There was an interesting Q&A the other day down in the Post and Courier in Charleston, S.C., with that the Rev. Franklin Graham, the public-square heir of Billy Graham. Graham the younger does not do "crusades," of course, since that is now a very dangerous word. Instead he does "festivals" that focus on evangelistic messages that are even more brass-tacks in approach than his father's sermons, or, at least, those from the second half of Billy's globetrotting career.
Anyway, the interview by reporter Adam Parker touches on at least two topics that are sure to interest reporters covering the intersection of faith and public life. It also helps to keep in mind that interesting discussion of heaven, hell and salvation between Franklin Graham and Sen. Barack Obama.
Thus, we read this interesting connection between salvation and, of course, politics:
Q: While we're on the subject of comparisons ... What about your approach to Christian outreach, service and evangelism is different from your father's? What do YOU want people to focus on?
A: My style is different from that of my father, but the message is exactly the same. It's the gospel -- the Good News that God loves sinners and that he sent his son, Jesus Christ, to die for our sins and that he rose again from the dead. He is alive, and he is coming back someday; many people believe it will be soon. To come to God, we have to confess our sins, repent -- turn from our sins -- and by faith receive Christ into our hearts. If we are willing to do that, God will forgive us and cleanse us, and we can have a new beginning and the assurance of being with him in heaven one day.
Q: And, along these lines ... Your father was often seen within the political sphere, by the side of presidents and other world leaders, yet he mostly managed to remain politically neutral. It seems you've chosen to be more outspoken concerning political issues. How come?
A: I will speak out on moral issues. I do not publicly support a candidate, even though I know both the presidential and vice presidential candidates. If a candidate takes a position that I believe is not in keeping with God's standards and laws, I think as a minister I have the right to speak out on those issues -- not to speak against a candidate but the issues. Over the years, my father spoke out on similar issues. In his early years, he spoke out against communism. I don't think I am more outspoken than my father. It's just that the issues have changed over the years.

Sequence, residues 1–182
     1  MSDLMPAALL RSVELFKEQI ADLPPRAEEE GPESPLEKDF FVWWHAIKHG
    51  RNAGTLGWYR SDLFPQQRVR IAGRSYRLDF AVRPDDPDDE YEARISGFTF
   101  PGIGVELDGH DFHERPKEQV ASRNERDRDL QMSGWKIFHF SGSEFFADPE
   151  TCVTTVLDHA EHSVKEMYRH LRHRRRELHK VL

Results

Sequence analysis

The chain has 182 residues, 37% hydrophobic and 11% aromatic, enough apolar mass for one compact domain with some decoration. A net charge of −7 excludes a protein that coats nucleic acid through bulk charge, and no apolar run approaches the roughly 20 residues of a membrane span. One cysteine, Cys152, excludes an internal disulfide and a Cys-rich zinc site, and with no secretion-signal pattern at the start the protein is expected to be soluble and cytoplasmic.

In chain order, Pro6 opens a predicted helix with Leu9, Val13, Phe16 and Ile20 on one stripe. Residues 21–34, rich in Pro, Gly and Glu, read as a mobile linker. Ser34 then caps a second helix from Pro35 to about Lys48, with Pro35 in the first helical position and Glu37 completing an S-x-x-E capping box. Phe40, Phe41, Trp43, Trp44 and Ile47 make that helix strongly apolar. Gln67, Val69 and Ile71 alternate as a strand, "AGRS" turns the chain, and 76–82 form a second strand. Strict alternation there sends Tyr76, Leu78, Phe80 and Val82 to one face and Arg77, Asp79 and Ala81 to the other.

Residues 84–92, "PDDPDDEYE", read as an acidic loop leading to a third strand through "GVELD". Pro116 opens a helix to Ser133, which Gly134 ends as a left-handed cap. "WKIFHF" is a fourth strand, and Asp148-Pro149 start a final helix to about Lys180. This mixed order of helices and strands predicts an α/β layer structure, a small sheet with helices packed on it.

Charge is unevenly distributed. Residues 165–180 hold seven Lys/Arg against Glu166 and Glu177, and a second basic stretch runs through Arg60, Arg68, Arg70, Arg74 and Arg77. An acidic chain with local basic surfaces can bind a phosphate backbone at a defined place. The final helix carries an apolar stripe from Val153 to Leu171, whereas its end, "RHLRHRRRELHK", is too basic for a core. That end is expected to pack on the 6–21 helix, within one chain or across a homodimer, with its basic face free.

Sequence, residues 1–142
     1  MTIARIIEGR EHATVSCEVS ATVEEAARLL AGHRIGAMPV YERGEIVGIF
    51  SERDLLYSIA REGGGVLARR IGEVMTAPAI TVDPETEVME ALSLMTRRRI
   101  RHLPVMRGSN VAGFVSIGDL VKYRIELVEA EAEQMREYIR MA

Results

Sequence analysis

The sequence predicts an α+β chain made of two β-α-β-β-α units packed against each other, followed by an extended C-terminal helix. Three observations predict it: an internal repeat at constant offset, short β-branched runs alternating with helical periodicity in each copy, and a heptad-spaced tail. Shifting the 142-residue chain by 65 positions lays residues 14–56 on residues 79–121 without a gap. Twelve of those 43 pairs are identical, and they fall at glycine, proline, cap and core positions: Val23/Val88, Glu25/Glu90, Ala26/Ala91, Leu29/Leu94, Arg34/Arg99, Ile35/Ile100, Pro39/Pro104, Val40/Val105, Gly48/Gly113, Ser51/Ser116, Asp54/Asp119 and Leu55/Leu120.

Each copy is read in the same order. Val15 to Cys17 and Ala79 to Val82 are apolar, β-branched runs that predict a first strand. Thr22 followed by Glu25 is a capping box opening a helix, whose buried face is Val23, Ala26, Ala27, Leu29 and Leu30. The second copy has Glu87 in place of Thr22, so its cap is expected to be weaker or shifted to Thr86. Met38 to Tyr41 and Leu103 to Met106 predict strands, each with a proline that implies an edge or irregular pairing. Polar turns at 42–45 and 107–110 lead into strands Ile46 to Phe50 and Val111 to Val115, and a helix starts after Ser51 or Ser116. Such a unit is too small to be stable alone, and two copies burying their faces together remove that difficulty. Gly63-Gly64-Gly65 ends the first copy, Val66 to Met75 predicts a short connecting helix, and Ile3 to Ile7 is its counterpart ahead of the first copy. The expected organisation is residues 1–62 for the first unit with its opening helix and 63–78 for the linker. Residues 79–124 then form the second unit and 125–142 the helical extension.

Graham also stands firm on whether salvation can be found through other faiths, with the specific challenge from the reporter focusing on Islam.
However, the hot story right now -- post Saddleback Forum -- is that "wider agenda" that is now supposed to be driving scores of evangelical voters. This is, of course, all about wing evangelical votes in places like Ohio, Missouri and Florida.
Graham gives precisely the answer you would expect him to give. The key words in all of this? It's "sin."
That's a fighting word in the press. The key to all of this, again, is that the evangelical list of social priorities is not "changing," it's "growing" and "widening."
Q: These days, evangelical Christians are becoming increasingly concerned about social issues other than so-called "wedge issues" (such as abortion and gay marriage). For example, many evangelicals are beginning to advocate good stewardship of the Earth and faith-based programs that address poverty and economic inequities. What is your view on the changing list of priorities?
A: The gospel is our priority. As a Christian, I am concerned about the Earth that God gave us. I want to do all I can to preserve and protect the resources that belong to each of us and to be good stewards of the things God has given. However, the No. 1 message is always the gospel. I believe Christians are making a great mistake by getting pulled off message. Should we be concerned about the environment, energy and other social issues? Absolutely, but the gospel is our No. 1 message because the gospel has the power to save. The Apostle Paul said, "For I am not ashamed of the gospel of Christ: for it is the power of God unto salvation to every one that believeth; to the Jew first, and also to the Greek" (Romans 1:16). Moral issues, such as gay marriage and abortion, are outlined very clearly in the Scriptures. These areas are not even for debate. However, I preach against all sin -- not just some -- and that Christ died for sinners and rose again so that we can have new life through him.
It's a good Q&A. This is a format that works, on these types of issues, if the questions are solid. Ask Charlie Gibson.